We refer, of course, to our current $55 million airport redevelopment plan that does not include passenger boarding bridges, aka jetways, which in modern airports are considered usual and ordinary, not amenities or luxuries.
In lieu, officials are resorting to “Plan B” (as in “Band-Aid”): rolling ramps and accordion-style “box tunnels” to give travelers basic shelter from our storms.
Ostensibly this plan will save $20 million in construction costs, however, in the context of the 20-year lifespan of the project, we believe building the jetways is both desirable and affordable. (Consider, for example, that the missing $20 million is less than the government spends to subsidize Cayman Airways for one year, or the Cayman Turtle Farm for two years. We are even contemplating spending more than that on the highly questionable exercise of relocating coral away from the footprint of the proposed cruise port project.)
To us, this is a perfect project for some amalgam of a public/private partnership. Might our tourism and financial industries step forward with funds or financing expertise to make the jetways feasible? Perhaps it is an inaugural project for Bo Miller’s much-touted “infrastructure fund.”
This is not only an issue of practicality — as in, pampering our tourists with “CaymanKindness” from the moment their plane touches down to the moment of departure — but, perhaps even more importantly, of image. Yes, technically speaking, ramps, newspapers (don’t use the Compass!), umbrellas and/or vinyl coverings “will do” to keep tourists’ heads dry as they race, hobble or wheel across the tarmac. But do we really want to do that?
In a communication yesterday to the Compass, former Minister Linford Pierson wrote:
“I understand that ‘jetways’ are not being included, because Government/CIAA cannot find an additional $20 million to provide this essential facility. If this is, indeed, the case, I sincerely hope that they will reconsider their priorities, as the health, safety, and convenience of the travelling public should be a top priority. It is my view, that the redevelopment of ORIA can hardly be considered complete (with strict safety requirements), in the absence of ‘jetways’.”
For a mere $1 million per year over the lifespan of the project, the government is choosing to pursue an airport project that will send the message that the Cayman Islands almost ranks among the top tourism destinations in the world. Such a characterization is out of character for our country.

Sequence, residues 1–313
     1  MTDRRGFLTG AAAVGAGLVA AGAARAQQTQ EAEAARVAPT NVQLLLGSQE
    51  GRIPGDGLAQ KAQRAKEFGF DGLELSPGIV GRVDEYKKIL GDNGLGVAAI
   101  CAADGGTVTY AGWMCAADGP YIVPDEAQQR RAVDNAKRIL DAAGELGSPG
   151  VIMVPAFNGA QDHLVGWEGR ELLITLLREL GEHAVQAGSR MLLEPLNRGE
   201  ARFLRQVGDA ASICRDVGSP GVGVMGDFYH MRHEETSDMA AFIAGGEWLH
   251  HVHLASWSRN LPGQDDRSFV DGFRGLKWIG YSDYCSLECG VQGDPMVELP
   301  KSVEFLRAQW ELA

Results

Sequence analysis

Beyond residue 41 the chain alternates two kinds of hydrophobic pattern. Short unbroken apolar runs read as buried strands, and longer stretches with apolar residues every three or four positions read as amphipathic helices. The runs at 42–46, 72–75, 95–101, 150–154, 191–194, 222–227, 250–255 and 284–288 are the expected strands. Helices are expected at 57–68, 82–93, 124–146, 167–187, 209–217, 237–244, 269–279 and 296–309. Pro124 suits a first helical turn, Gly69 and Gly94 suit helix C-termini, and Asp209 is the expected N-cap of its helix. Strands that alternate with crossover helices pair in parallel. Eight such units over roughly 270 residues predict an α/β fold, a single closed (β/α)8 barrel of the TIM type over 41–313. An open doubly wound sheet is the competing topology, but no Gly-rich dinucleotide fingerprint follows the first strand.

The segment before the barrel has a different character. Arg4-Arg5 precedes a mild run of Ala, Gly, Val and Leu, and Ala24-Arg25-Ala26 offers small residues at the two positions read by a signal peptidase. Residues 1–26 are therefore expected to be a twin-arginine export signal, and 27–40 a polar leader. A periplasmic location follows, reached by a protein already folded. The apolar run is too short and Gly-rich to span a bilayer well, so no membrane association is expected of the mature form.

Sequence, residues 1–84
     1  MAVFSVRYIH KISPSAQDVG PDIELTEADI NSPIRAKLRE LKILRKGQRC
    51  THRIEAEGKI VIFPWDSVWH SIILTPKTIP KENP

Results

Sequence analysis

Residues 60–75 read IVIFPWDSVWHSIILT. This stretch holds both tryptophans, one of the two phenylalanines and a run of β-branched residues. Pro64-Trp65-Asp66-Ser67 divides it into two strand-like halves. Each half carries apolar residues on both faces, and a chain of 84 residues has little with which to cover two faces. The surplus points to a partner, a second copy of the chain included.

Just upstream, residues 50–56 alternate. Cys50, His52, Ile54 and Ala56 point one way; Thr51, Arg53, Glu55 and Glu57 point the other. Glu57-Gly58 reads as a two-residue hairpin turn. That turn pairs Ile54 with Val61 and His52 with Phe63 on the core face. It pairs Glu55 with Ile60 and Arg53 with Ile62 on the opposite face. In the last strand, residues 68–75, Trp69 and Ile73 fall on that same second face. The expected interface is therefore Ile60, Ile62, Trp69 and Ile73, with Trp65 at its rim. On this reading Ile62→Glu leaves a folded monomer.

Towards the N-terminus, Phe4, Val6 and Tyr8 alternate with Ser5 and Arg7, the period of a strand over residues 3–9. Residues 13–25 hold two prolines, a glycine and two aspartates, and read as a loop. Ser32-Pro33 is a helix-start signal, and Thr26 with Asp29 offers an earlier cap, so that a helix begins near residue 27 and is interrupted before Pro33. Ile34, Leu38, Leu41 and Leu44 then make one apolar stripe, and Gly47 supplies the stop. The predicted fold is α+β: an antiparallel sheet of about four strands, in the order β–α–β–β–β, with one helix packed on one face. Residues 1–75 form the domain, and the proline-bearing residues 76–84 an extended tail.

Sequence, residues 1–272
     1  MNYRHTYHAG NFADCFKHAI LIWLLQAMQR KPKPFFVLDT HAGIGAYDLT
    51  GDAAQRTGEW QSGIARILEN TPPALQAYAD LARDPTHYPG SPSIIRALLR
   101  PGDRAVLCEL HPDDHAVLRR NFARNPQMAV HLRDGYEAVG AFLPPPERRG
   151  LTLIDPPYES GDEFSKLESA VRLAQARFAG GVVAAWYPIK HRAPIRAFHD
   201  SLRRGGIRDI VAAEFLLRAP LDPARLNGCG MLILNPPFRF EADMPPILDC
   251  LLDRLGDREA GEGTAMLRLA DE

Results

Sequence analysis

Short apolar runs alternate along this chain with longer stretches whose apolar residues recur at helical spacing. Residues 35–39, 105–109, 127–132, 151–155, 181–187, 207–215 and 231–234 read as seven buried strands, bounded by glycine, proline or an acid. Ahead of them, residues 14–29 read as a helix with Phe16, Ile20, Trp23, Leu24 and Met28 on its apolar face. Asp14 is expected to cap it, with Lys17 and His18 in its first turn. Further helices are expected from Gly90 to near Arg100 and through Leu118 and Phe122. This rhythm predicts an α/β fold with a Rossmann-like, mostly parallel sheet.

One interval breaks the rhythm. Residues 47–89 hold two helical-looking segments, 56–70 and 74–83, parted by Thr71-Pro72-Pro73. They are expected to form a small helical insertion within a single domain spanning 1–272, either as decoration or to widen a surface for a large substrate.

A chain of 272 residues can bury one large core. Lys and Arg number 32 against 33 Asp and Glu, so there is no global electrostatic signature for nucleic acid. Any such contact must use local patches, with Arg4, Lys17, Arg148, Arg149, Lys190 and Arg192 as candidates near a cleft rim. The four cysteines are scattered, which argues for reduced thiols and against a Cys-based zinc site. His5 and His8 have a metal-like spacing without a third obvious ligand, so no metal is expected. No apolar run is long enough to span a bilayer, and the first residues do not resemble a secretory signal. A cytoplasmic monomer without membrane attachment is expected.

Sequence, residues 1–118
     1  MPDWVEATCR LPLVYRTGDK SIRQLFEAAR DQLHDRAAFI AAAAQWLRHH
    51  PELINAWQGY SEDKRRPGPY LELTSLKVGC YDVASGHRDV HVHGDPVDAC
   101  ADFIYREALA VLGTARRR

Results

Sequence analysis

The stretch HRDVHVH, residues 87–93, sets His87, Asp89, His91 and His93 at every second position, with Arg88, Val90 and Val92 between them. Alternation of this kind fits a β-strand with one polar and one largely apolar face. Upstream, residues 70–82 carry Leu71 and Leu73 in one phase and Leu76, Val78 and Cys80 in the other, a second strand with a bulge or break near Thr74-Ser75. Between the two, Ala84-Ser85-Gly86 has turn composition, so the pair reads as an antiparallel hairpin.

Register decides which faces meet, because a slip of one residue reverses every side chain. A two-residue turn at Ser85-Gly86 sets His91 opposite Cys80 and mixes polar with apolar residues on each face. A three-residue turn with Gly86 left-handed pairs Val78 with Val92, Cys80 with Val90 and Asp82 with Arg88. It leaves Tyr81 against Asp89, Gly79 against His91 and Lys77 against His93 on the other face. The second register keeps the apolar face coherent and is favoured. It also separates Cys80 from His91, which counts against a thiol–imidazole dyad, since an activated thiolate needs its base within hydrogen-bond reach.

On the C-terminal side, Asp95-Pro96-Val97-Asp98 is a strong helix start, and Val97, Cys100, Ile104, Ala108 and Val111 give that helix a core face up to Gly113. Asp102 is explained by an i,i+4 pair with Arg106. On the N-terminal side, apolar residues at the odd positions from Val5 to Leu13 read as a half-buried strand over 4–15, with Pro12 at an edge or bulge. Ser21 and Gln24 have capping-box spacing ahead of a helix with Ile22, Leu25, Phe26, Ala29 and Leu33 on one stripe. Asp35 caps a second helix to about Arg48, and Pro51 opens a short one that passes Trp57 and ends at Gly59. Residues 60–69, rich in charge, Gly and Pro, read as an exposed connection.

In the history of the modern world, there is one recurring urban planning truism: Great cities are port cities.
Though Grand Cayman draws much of its cultural identity from the water which surrounds it, at this and future stages of our island’s development, our airport outranks our seaport in importance.
What is conspicuously missing from the redevelopment plan is a longer runway to accommodate longer flights (bigger aircraft) from European centers and beyond. Officials defend that decision, saying they have received no assurances from airlines that they would bring longer direct flights to Cayman if the longer runway were to be built.
That’s hardly surprising. Why would an airline commit years in advance to a such a hypothetical?
And then, along with any airport redevelopment, we would urge a concerted effort to beautify the corridor that carries tourists from the airport to Seven Mile Beach. Think of Industrial Park, the unsightly Harquail Bypass, and the (pick your own adjective) George Town landfill. A first-class country must not project a Third World image.
We don’t want to appear (or sound) overly negative. We applaud our government (especially Tourism Minister Moses Kirkconnell), the Airports Authority, and the architects and others who have championed this project and brought it to groundbreaking.
We have no doubt the newly renovated airport will be a very good airport. But it has the potential to be an even greater airport with jetways. Let’s go back to the drawing board (the financial drawing board, that is), and find $20 million.